Chiang Mai the land of pagodas
Inder Raj Ahluwalia

Priceless Buddhist relics are stored in Wat Phra That Doi Suthep, the 16th century golden pagoda
(Above) Priceless Buddhist relics are stored in Wat Phra That Doi Suthep, the 16th century golden pagoda, and (below) the Loi Krathong festival being held on a full moon night

The Loi Krathong festival being held on a full moon night

Thailandís Chiang Mai comes across as a city that is ever growing, yet wrapped in layers of courtesy. Old timers say it emerged from the mists, a symbol of natural beauty and social graces.

Chiang Maiís history is old, its past eventful and its character colourful. Some five centuries ago, it was the capital of Lan Na Thai, popularly known as Ďthe Kingdom of One Million Ricefieldsí, the first independent Thai kingdom in the fabled Golden Triangle.

Prolonged prosperity elevated the city to great prominence in religion, culture, and trade till it was reduced to a vassal state by a Burmese invasion in 1556. When the Burmese were expelled in 1775, Lan Na Thai attained instant rejuvenation and rejoined the mainstream of Northern Thailand.

Thailandís second city after Bangkok is at heart a large village with features like 14th century historical temples, misty mountains, extensive fruit and flower cultivation, courteous people, and arguably Thailandís prettiest women.

Chiang Mai is individualistic in character, best seen in the distinct local cuisine and eating habits, physical appearances, and mannerism. In this land of pagodas, some 300 temples greet you. Some are small and basic, some grand and lofty. They have their own background, mythological guardians, dragons, griffins, serpents and garudas.

Majestically perched on a hilltop overlooking the city, Wat Phra That Doi Suthep isnít just the cityís most important temple, with priceless Buddhist relics stored in its 16th Century golden pagoda, but also a vantage point for truly stunning views. Walking around the pagoda, one can see the misty mountains forming a rim in the distance in all four directions.

Like the palaces, the temples show the unique architectural style called ĎLan Na Thaií, a mix of Lankan, Burmese, Mon and Lan Na Thai styles, that makes liberal use of symbols and materials like gilded umbrellas, Naga staircases, woodcarving, angel guardians, and gold filigreed pagodas.

Wat Chedi Luang, with its massive pagoda; Wat Phra Sing with its tastefully decorated Lai Kham chapel which houses the holy Phra Sing Buddha image; and the beautiful Wat Chiang Man, the cityís oldest temple, are noteworthy temples of the region.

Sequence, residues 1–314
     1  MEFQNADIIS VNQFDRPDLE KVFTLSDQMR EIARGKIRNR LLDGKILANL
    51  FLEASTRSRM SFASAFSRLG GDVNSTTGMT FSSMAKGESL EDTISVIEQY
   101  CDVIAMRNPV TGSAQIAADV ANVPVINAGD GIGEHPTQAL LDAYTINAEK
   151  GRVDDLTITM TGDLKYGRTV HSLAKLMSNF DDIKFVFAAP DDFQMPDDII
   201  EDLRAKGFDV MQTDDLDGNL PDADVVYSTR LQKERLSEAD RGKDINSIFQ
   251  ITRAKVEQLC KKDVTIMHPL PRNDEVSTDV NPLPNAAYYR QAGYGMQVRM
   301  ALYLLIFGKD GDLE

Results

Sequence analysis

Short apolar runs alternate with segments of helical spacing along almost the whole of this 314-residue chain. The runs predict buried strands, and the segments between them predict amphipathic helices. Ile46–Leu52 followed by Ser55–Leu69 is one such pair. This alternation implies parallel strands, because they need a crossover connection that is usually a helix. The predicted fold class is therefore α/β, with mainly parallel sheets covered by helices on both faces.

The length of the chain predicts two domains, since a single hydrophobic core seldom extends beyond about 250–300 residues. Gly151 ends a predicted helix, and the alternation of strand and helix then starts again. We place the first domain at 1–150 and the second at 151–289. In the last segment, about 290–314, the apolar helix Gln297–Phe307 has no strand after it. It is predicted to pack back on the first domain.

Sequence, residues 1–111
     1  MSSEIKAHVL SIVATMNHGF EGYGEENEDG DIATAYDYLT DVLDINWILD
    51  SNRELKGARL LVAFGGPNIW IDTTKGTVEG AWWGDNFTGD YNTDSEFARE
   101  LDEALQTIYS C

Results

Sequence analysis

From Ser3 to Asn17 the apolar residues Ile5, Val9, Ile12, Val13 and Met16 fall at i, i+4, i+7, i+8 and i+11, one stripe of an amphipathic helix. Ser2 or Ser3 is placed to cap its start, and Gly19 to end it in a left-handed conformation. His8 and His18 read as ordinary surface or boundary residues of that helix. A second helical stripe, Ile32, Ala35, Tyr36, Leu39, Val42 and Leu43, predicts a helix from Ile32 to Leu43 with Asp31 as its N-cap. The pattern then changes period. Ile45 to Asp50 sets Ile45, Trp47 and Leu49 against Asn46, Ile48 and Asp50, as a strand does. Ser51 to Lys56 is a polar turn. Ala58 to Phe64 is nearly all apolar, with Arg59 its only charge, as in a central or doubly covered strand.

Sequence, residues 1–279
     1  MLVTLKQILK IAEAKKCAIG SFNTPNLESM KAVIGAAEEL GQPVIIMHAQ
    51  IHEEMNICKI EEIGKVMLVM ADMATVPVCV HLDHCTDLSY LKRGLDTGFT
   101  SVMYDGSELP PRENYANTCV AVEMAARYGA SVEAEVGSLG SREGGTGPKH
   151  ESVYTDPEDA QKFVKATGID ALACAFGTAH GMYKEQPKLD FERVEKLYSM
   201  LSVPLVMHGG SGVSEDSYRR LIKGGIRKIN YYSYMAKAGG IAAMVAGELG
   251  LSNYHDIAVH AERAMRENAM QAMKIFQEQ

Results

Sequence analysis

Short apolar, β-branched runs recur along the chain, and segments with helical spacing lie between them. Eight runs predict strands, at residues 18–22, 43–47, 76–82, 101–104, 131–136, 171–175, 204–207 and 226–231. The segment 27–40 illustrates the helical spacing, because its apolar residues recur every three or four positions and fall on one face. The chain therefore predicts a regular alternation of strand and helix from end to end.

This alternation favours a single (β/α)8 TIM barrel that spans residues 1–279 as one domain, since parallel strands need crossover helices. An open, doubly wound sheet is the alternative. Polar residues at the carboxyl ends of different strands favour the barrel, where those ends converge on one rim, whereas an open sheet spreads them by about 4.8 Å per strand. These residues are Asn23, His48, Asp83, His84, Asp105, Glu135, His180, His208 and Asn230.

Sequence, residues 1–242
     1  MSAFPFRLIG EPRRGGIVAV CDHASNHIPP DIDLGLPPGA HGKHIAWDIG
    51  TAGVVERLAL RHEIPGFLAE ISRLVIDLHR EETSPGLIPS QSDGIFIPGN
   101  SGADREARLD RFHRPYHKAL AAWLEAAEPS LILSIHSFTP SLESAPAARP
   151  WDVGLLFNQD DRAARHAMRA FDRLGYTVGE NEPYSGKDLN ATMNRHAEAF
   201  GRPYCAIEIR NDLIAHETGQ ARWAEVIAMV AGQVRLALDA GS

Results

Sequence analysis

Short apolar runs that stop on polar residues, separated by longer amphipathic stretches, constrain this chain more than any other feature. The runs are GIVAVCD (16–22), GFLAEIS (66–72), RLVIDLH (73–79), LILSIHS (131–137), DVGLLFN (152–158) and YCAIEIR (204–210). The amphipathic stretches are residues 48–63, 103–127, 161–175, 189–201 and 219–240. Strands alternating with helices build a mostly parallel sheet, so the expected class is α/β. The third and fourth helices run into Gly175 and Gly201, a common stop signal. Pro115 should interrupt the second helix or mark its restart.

A tribal girl wears neck rings
A tribal girl wears neck rings

Local sightseeing can include several other interesting and historical sites. Like the imposing, beautifully landscaped Phuphing Ratchaniwet, the Royal Winter Palace, that straddles a mountain. Here one can see some prized possessions of the royal family.

It is also worth dropping in at the Tribal Research Centre with its in-house museum and research facilities that shows the lifestyles of several tribes of Tibeto-Burman origin. One can see a bit of the local art at the Chiang Mai National Museum with its superb collection of ancient weapons and valuable old Buddha statues.

Chiang Mai swings after dark, though not in the hurly-burly, raucous Bangkok style. Night-owls can unwind in discos, bars, cocktail lounges and nightclubs, and at quality restaurants that feature Thai classical dances. And yes, there are massage parlours around.

Gourmets can indulge themselves with varied cuisine that features Italian, American, French, and true Oriental. But nothing comes close to the Khantoke meal, a local culinary, comprising five courses served in small bowls set on a low table, while you sit on the floor. A typical Khantoke meal includes meat; vegetables; curries with garlic, ginger and chillies; fish sauce; minced meat; onions; limejuice; and ground dried rice called Laah; all eaten with sticky rice.

Of the local festivals, none is more charming than Loi Krathong. Under the full moon, the devout descend on canals, rivers, and streams, and float banana leaf boats bearing a small coin, incense, a lit candle, and a flower in a poignant ritual to honour water spirits and float away the past yearís sins. It is simple and graceful, and quite poignant.

Also moving, is Songkran that celebrates the traditional Thai new-year with a three-day carousel of pilgrimages, religious merrymaking, dancing, and beauty parades. In February one gets to see the Flower Carnival with its elaborate floral floats and parades, celebrating the blooming of temperate and tropical flowers.

Thailandís undisputed handicrafts centre, the city thrives on local cottage industries that boast skilled craftsmanship in woodcarving, fabrics, silks, antiques, silver jewellery and lacquerware. Little shops line noisy bazaars and feature robust bargaining. It is definitely worth stopping by at the renowned Bo Sang San Kamphaeng road area where you can see artisans at work. The Night Bazaar is the place for anything from everyday clothes to fancy music systems, and you can pick up good stuff if you just show a little patience and do a little bargaining.

The great outdoors canít be ignored. Surrounded by hilly forests still worked by elephants, and thick vegetation landscapes studded with meadows, orchards, and silvery waterfalls, Chiang Mai lies smack in the midst of interesting excursion country. You can ride elephant back on hilly tracks, walk narrow trails, or take organised jungle treks to remote hill settlements. Seven major hill tribes with their own distinct courtship rituals, dances, and aesthetic values, reside in the region, share animist beliefs, and honour forest and guardian spirits.